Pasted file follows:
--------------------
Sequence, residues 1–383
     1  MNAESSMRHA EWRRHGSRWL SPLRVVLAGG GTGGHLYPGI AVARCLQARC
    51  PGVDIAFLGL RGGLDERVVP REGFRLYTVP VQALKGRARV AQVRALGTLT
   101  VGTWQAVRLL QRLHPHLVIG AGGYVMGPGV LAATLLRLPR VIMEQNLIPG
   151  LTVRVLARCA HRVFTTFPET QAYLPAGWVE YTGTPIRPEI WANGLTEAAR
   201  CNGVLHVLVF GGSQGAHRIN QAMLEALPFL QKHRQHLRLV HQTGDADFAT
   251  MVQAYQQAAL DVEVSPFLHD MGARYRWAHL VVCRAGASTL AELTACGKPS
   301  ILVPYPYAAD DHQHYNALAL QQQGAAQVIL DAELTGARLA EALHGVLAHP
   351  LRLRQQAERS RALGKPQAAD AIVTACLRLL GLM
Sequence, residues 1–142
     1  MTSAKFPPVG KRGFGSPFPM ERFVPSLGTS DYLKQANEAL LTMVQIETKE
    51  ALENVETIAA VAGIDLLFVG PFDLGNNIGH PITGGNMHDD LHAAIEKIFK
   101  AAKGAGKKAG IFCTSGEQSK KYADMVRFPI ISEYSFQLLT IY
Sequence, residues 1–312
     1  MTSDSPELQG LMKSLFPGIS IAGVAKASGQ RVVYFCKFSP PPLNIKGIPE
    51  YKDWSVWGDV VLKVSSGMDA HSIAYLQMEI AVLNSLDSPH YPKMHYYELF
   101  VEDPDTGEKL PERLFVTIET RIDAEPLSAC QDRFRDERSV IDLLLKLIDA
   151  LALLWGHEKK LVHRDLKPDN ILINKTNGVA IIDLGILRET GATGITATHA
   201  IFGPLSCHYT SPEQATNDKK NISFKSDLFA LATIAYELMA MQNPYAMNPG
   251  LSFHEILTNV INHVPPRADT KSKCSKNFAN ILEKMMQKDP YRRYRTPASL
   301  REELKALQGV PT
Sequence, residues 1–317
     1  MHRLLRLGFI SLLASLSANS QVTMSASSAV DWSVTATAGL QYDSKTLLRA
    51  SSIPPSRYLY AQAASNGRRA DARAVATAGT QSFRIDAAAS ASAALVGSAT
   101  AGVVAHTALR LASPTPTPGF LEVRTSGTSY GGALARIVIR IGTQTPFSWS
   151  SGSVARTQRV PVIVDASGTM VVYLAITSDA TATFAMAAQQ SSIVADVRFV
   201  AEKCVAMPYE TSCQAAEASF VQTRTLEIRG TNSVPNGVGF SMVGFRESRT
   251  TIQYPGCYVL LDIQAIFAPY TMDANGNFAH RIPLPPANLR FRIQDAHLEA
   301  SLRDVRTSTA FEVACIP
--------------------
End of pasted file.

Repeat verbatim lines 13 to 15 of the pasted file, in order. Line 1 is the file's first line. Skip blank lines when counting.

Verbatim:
   101  AAKGAGKKAG IFCTSGEQSK KYADMVRFPI ISEYSFQLLT IY
Sequence, residues 1–312
     1  MTSDSPELQG LMKSLFPGIS IAGVAKASGQ RVVYFCKFSP PPLNIKGIPE